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Here's a copy of an open letter from 85 Canadian economists on the current economic crisis and what Canada's government should do about it. It was put together by the Canadian Centre for Policy Alternatives, a progressive think tank:

The deepening global financial crisis, the decline in world commodity prices, and the growing possibility of global recession are exposing worrisome weaknesses in Canada’s economy. Complacent expressions of faith in our “fundamentals,” and other varieties of economic denial, will not protect Canadians from the coming storm.

Canada’s Economic Fundamentals are Anything but Strong

Macroeconomic performance has weakened dramatically since the current government came to power at the beginning of 2006. Economic growth has largely stalled. Productivity has declined. The recent expansion was largely propelled by high commodity prices and a housing bubble – both of which are now ending.

Labour markets have weakened, and employment is poised to decline further as the slowdown takes hold. Some sectors have already been badly hit. Over 300,000 jobs in manufacturing have been lost. Yet less than 40% of unemployed workers qualify for Employment Insurance benefits.

Excluding petroleum and minerals, our international trade performance has deteriorated. Incomes for corporations, governments, and some households have been inflated for a time by record global commodity prices. But over-reliance on resource extraction is not a sustainable basis for our future economic progress. Meanwhile, in large part as a consequence of this growing resource reliance, Canada has failed miserably to do its part in the urgent global effort to limit greenhouse gas emissions.

Although Canadian financial institutions did not engage as aggressively in risky practices as their U.S. counterparts, the Bank of Canada has already had to step in to provide many billions of dollars in short-term liquidity. Credit conditions in Canada are becoming more uncertain, restricted, and costly, and this will inevitably constrain spending and output in the months ahead.

Canadian households are more indebted than ever, with $1.25 of debt for every dollar of disposable income. Amid gloomy headlines, falling stock and housing prices, and precarious household finances, Canadians are starting to cut back on consumer spending.

Many Canadians did not benefit much during the good times: poverty rates in Canada did not meaningfully decline and real wages have hardly increased at all, even while corporate profits surged to all-time highs. But the prospect of recession now threatens all of us with hardship – whether we shared in the good times or not.

Crisis Demands an Active Government Response

The general approach of Canadian economic policy in recent years has been to reduce the scope of government (through tax cuts, deregulation, and privatization), ratify the growing resource orientation of Canada’s economy, and squander the chance to use revenue from the resource boom to enhance long-run productivity, prosperity, and stability. Some politicians wish to further reduce the size and influence of the public sector.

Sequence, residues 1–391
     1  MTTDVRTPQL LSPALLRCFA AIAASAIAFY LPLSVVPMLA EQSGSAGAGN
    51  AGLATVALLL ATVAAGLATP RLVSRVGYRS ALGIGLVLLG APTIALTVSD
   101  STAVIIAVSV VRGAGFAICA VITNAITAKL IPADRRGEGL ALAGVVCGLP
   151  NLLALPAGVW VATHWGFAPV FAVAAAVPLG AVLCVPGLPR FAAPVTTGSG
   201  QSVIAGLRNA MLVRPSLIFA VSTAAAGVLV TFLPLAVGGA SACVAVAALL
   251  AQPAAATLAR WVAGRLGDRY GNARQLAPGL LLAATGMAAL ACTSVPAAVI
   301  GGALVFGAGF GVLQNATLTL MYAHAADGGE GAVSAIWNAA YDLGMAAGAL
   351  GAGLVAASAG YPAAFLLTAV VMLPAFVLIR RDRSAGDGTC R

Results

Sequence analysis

The dramatic events of recent weeks have destroyed the idea that markets are best left to their own, unregulated devices. The enormous costs of this complacency have been clearly demonstrated. Government and its institutions must now show leadership and play a more active role in stabilizing financial markets, stimulating real investment, and maintaining employment and incomes.

The spreading downturn in both the financial and the real sides of the economy is likely to undermine spending and employment levels in many regions and sectors of Canada’s economy. Income support measures, employment insurance in particular, should be strengthened. In addition, public infrastructure projects, including those aimed at reducing Canada’s greenhouse gas emissions and expanding affordable housing, should be ramped up to maintain employment and production (as private-sector activity declines).

The federal budget is narrowly balanced, and may slip into deficit (especially if real GDP begins to decline). The current government has pledged to prevent such a deficit at all costs, and this will mean significant cuts to public spending as the budget balance deteriorates. But that course of action would worsen the economic downturn and job losses. It is far better to maintain public programs to support employment and incomes, even at the cost of a cyclical deficit.

The Bank of Canada must continue to support the financial industry with liquidity, and should reduce interest rates to stimulate borrowing. But the government must also explore other avenues (including the use of public institutions, like the Canada Mortgage and Housing Corporation, the Business Development Bank of Canada, Export Development Canada, and other conduits) to expand lending to households and businesses. At the same time, the financial industry must be re-regulated to prevent the unproductive speculative excesses that caused the current crisis.

The global economy is heading into a challenging, dangerous period – perhaps the worst crisis since the 1930s. Canada cannot expect to be immune from those global developments. Economic history teaches us that government intervention is essential in times of crisis: both to stabilize markets and to shorten downturns with counter-cyclical measures.

Signed by: 85 economistshttp://NL1947.policyalternatives.org

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Vol 25, No 47
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